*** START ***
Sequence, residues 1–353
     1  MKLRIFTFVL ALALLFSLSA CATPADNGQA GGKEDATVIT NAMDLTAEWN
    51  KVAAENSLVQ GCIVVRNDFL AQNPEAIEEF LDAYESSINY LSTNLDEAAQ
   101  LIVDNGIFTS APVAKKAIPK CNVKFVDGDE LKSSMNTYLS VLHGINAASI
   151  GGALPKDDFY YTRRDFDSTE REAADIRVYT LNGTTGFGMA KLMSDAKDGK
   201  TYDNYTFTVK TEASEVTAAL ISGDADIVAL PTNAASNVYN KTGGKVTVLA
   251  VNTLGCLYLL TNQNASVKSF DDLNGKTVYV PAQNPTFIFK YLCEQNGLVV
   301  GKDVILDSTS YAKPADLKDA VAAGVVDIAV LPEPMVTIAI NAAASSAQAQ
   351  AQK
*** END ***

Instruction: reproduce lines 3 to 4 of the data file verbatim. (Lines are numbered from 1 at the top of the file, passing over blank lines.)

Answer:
    51  KVAAENSLVQ GCIVVRNDFL AQNPEAIEEF LDAYESSINY LSTNLDEAAQ
   101  LIVDNGIFTS APVAKKAIPK CNVKFVDGDE LKSSMNTYLS VLHGINAASI